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National Mail Order Association (NMOA)
Direct Marketing
and Mail Order

Alan Rosenspan’s "Improve Your Response" Newsletter
Issue # 30: JULY 2004


1. Diamonds are Forever
2. I, I, I…
3. Free Issue
4. What’s the Frequency?
5. Beat the Control
6. Tested by Time
7. Reader’s Poll


Dear Friends,

Summer has finally arrived!

July and August are traditionally slow months for direct marketing, possibly because (A) many people are on vacation, (B) it’s too hot to think about trying anything new.

However, we’ve had good success when we’ve tied in with the summer season, and used that as part of our theme.

For example, for one credit card company, we did a package with flowers on the outer envelope. It asked, "Could you use an extra $200. this summer?"

Anyway, I wish you a good summer — and I hope the following newsletter gives you at least one or two good ideas.

As always, I am grateful for any feedback you can provide. Just
e-mail me at

Diamonds are Forever?

In my seminars, I always pose the question, "What’s the one thing to never put in your direct mail package?"

I get some interesting answers: …anything perishable…sharp things…anthrax! …anything that’s alive.

But the thing I always caution about — is confetti. I’ve received confetti in four mailings to date – to announce a new product or a store opening.

And after cleaning up every little piece of confetti from my desk and my floor — I resolved never to do business with any company dumb enough to mail it to me.

But here’s another thing you should never put in a direct mail package — real diamonds! My friend — Gorka Garmendia from Direct sent me this article, which I just had to share with you.

Diamonds binned in junk-mail error

By Geraldine Coughlan

BBC, The Hague

Thousands of Dutch residents have been rummaging through their dustbins in a diamond rush after a jeweler’s anniversary mail-shot was largely ignored as junk mail.

Jeweler Johan de Boer sent real and fake diamonds to 4,000 of his clients — telling them they could keep the real ones.

He couldn't sleep last night after his promotional effort backfired.

Amsterdam is famous for its diamond-cutting industry but it is most unusual for clients to receive real stones as a Christmas gift from their retailers.

So most of Mr. de Boer's clients didn't take him seriously when he mailed them stones to mark the 10th anniversary of his jewelry store.

It cost him 48,000 euros (£34,000) to send out 200 envelopes containing a small diamond - the rest with zirconium — a cheap diamond look-alike used in costume jewelry.
The letters asked the clients to bring the stone into the shop — if it was a real diamond, they could keep it.

Only 35 people turned up. After calling some of his clients, Mr. de Boer realized most had thrown the envelopes away without even opening them.

He told a newspaper he had been very naive and regretted it.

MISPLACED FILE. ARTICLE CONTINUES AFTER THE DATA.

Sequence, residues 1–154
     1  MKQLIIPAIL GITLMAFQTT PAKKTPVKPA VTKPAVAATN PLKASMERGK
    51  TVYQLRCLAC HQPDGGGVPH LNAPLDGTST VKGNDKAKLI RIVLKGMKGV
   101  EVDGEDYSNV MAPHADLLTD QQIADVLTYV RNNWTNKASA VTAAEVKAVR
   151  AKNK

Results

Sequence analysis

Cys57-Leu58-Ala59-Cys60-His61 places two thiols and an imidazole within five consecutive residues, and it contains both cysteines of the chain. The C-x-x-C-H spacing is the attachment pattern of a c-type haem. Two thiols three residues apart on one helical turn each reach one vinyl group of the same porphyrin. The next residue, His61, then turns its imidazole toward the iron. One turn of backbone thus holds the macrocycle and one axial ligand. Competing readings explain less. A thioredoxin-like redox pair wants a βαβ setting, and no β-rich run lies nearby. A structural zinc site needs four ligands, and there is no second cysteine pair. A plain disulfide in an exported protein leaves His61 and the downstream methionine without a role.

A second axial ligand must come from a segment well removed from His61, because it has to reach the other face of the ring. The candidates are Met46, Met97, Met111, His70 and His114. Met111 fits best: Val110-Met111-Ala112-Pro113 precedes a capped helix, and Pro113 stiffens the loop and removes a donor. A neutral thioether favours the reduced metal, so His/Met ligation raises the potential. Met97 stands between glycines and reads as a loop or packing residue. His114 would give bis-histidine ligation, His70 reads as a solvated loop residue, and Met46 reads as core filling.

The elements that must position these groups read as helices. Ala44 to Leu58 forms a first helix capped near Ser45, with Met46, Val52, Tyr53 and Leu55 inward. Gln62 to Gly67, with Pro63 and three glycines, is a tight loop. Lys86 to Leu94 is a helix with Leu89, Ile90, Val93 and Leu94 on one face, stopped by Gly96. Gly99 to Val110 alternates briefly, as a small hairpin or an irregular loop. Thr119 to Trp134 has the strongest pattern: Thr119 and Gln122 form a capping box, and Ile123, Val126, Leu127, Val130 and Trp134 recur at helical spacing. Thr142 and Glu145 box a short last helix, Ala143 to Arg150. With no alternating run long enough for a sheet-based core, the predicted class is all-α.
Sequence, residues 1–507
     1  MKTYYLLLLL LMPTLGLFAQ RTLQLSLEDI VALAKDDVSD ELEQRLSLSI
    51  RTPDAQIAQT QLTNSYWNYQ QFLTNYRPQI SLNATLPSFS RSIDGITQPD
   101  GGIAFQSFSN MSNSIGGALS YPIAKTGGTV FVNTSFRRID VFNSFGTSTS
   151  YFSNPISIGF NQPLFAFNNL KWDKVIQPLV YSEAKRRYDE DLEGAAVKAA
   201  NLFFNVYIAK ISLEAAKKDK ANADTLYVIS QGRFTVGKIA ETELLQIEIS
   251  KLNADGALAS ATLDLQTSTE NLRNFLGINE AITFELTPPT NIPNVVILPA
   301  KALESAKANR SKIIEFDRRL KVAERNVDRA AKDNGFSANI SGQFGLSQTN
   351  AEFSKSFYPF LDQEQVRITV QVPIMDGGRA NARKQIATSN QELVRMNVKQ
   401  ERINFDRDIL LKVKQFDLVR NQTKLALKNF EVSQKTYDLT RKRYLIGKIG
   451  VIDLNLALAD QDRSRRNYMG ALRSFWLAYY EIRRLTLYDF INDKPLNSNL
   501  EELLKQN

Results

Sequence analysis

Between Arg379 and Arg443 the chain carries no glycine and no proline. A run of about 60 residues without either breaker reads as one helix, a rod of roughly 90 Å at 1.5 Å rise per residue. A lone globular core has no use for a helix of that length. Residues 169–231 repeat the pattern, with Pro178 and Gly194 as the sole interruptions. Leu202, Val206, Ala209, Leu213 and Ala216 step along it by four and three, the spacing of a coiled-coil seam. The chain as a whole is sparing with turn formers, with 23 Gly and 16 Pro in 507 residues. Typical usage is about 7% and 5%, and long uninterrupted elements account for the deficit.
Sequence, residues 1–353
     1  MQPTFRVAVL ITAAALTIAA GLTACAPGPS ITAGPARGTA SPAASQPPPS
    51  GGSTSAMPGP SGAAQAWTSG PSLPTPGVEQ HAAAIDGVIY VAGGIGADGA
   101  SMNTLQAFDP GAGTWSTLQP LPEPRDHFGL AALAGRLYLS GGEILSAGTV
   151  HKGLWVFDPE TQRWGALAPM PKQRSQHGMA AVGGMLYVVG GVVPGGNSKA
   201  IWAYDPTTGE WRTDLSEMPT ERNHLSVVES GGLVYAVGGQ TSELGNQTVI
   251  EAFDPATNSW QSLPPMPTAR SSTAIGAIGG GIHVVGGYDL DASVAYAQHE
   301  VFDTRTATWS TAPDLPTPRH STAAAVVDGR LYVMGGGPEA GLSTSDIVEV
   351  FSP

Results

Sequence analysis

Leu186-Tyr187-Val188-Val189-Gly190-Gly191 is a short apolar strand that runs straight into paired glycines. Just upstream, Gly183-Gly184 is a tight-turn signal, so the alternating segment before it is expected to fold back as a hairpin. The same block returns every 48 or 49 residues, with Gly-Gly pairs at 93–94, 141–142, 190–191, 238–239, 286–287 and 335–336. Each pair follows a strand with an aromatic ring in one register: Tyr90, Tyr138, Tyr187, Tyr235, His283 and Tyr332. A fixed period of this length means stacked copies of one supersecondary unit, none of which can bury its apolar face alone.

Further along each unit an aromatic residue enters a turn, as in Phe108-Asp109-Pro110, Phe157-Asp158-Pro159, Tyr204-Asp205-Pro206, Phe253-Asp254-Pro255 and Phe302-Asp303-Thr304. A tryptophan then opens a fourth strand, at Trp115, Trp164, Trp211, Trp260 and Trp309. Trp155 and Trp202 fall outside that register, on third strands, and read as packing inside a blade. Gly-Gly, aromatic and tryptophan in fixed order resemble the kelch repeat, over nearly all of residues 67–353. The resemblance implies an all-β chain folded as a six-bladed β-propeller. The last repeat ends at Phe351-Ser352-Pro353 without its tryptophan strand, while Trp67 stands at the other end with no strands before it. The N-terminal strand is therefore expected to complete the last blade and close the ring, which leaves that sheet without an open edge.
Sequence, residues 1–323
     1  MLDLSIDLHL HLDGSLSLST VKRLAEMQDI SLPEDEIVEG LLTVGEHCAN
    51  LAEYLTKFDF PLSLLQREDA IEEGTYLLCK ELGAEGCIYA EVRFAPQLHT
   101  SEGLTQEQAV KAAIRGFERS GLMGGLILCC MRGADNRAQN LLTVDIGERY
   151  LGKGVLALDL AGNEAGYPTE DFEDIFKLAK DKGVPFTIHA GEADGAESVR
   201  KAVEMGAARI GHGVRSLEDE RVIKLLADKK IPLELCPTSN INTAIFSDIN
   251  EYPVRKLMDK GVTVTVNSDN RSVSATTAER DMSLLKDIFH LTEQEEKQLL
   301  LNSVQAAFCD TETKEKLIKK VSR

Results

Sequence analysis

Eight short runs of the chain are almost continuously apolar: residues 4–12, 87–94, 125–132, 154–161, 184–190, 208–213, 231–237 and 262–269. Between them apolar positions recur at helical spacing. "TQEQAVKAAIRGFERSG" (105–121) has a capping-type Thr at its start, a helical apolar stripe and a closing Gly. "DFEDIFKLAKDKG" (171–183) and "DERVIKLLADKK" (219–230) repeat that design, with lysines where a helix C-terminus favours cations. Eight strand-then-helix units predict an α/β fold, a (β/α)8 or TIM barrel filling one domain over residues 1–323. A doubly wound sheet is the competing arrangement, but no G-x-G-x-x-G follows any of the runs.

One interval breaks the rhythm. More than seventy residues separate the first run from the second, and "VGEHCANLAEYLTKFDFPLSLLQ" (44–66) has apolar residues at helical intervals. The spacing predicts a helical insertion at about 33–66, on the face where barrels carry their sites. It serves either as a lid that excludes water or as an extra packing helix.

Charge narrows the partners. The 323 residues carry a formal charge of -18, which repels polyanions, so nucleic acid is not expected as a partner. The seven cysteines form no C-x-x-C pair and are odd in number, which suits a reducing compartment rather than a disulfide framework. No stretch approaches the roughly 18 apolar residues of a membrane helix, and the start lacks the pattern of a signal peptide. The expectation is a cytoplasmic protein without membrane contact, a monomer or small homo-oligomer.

No doubt many of his clients regretted dumping the envelopes as well.

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I, I, I…

In the last issue of my newsletter, I recommended that you use the word "I" to start your letter.

I wrote "It helps make it sound like it’s coming from a real person," and makes it a true one-to-one communication. Nancy Harhut, the Executive Creative Director of Hill Holiday Relationship Marketing, wrote to disagree:

"I always advise people to not to lead a letter with "I" because they much prefer to see the word "you."

"The first sentence of the letter is so critical, I rarely take the chance of starting with "I"...or of acknowledging that I'm writing to them, for that matter.

"Now here's the funny thing: I thought I learned the above from you! "

Nancy may be right about this — and I have enormous respect for her professional opinion. I’m not alone. Nancy was just selected as the 2004 New England Direct Marketer of the Year.

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Free Issues
I was surprised to receive a copy of Rolling Stone magazine in my mail that came with a special mailing wrap.

The wrap read, "This is a Free preview Issue" and "You get 4 more Free Issues — just return the card below."

As you may know, Rolling Stone is a magazine with a heavy emphasis on music. On the cover of the issue they sent me, there was a photo of Ermine and D12 with the headline:

"American Psychos! Why he hates fame, and they hate the world."

I have no idea how Rolling Stone got my name. I’m not exactly in their demographic. I’ve ever subscribed to Rolling Stone — and the last concert I went to was Billy Joel.

So at first, I dismissed the mailing — thinking, boy did they waste their money on me.

But then I thought — this mailing actually achieved a number of important objectives.

1. It got noticed — and that’s the first objective of any direct mail piece. I didn’t throw it away without opening it — like all those people did with their diamonds.

2. I spent some time with it. I wouldn’t have spent a moment with a direct mail package from Rolling Stone. But I actually leafed through the magazine — and found a fascinating article on Ted Kennedy.

Ted Kennedy in Rolling Stone?

Apparently, the magazine also has a National Affairs section — no pun intended.

3. It delivered a compelling offer. Four free issues sounded like a good deal — especially now that I know that Rolling Stone isn’t just about music.

So — could you send a sample of your product to prospects? With all the proliferation of direct mail these days — it might really stand out. And it just might convince them to become customers.

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What’s the Frequency?

How often should you mail to prospects or customers?

Four times a year? Every two months? Once a week?

The fact is that most companies dramatically under-market and under-mail. Their reasoning is "We can’t send them anything now — we just mailed them something last month!"

Do you remember what you received in the mail last month?

Neither do your prospects.

David Ogilvy said, "You are not marketing to a standing army. You are marketing to a passing parade." What he meant was that people come in and out of your target market all the time, depending on their needs.

For example, I need a vacation — and so my wife and I have started looking at the mailings we receive from different vacation companies.